Of sorts. It’s called WriteClique.net, and it was created and is run by the British Council of Sri Lanka. The British Council created it to encourage writing in Sri Lanka and to bridge the gap between writers and readers.
I applaud them for making an effort to encourage writing in Sri Lanka. I think it’s a worthy goal. Of course, being a writer, I’m biased…
WriteClique.net succeeds on their primary aim:
WriteClique.net is an online community of both established and hobbyist writers looking to share their work with a wider audience over the Internet. Members have their own pages with information about themselves as well as links to their writing. So if you’re a writer just waiting to be discovered, or a curious reader looking for something different, WriteClique.net is just what you’ve been waiting for.
You can search their author listings alphabetically and see everything a writer has posted. You can rate their posts, too, and the top-rated works show up on the front page of the site.
Each author, with their membership, can submit their written work – poetry, short fiction, a short play, or an excerpt of a longer work like a novel – as long as it’s under 3000 words. Each member can also submit a list of their publications outside of the site, can set up a blog, and can have biographical and contact information on their profile page. And each piece posted on the site can be rated and receive feedback.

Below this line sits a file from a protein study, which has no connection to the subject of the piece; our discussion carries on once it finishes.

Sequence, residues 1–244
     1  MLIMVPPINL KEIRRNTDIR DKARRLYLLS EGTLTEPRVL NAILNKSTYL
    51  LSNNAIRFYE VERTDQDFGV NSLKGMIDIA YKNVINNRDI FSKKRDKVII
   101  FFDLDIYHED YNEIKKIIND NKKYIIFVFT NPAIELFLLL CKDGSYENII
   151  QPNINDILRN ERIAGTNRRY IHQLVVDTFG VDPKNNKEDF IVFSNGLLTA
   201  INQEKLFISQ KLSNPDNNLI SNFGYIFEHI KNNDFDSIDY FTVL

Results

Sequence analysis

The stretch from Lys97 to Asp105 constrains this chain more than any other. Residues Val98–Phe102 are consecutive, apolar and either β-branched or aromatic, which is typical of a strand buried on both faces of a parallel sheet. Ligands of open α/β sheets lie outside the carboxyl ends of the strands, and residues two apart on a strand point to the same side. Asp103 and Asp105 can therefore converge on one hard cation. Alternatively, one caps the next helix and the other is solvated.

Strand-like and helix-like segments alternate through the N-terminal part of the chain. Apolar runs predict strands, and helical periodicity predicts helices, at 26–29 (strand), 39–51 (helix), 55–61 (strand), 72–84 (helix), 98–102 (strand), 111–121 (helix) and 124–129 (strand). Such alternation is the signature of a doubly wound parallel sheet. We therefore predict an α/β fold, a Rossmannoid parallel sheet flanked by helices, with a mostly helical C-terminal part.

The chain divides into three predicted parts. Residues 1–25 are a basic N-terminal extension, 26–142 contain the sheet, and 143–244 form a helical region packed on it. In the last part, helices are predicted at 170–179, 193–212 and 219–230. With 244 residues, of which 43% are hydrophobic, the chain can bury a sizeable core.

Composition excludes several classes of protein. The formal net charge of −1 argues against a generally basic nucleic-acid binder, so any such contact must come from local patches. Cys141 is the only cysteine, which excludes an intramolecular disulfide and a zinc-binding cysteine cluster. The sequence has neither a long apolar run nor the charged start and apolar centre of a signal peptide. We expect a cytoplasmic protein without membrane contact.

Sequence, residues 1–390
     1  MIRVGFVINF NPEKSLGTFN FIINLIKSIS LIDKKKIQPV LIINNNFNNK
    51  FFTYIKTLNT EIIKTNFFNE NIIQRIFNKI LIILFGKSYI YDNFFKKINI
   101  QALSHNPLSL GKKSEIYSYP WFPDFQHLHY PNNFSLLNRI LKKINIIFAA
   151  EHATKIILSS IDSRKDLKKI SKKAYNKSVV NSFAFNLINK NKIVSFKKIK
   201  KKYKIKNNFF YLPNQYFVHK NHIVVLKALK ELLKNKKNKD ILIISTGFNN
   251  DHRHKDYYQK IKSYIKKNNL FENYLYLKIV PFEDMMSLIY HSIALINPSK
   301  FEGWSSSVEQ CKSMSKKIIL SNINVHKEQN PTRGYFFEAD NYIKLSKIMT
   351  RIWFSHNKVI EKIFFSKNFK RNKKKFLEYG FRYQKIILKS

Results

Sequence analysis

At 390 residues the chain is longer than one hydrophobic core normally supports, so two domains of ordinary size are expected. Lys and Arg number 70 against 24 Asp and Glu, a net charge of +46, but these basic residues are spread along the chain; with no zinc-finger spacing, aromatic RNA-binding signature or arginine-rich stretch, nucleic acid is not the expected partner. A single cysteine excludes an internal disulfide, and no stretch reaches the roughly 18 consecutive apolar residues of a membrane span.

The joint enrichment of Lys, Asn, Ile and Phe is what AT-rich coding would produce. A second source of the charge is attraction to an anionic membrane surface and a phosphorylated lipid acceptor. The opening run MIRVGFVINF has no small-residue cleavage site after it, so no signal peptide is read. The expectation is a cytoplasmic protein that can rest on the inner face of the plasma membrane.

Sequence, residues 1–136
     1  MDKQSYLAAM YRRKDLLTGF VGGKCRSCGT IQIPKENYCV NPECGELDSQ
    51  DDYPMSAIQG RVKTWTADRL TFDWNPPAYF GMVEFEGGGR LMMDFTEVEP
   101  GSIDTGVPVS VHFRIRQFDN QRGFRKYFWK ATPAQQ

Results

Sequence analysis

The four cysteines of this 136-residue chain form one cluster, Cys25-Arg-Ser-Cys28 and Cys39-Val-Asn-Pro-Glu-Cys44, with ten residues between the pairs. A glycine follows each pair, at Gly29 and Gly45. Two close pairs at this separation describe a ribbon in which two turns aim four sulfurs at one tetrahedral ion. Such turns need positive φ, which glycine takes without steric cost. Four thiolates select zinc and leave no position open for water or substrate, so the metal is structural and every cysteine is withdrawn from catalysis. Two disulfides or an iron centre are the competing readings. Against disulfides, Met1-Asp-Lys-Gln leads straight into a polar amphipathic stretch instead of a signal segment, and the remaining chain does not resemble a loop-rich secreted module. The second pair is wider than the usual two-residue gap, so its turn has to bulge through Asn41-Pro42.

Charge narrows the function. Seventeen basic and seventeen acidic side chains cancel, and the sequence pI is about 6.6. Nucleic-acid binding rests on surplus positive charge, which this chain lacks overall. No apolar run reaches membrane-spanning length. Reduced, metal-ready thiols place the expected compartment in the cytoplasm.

So far, so good. But is it all so rosy? Unfortunately, no.
The first problem with the site I noticed is that it’s not intuitive to use. If, for example, I want to sign up, it can’t be done via any links from the login page or from links on the front page. Instead, you have to click on the drop-down menu for Publish, then click on Sign-Up. There are also non-functioning links, like to the forum, which I would have loved to check out – see what features it has and how the writers use it. But really, these are minor nitpicks.
The forums don’t work
It would be nice if their forum worked – I would like to check it out and see what it offered. Also a fairly minor nitpick. Sort of.
If their forums worked, I would love to see it become a resource similar to what’s available at the Absolute Write forums – writers and authors, published or not, paid or not, helping each other learn the business, improve their writing (regardless of language), and so on. Support each other to become better writers.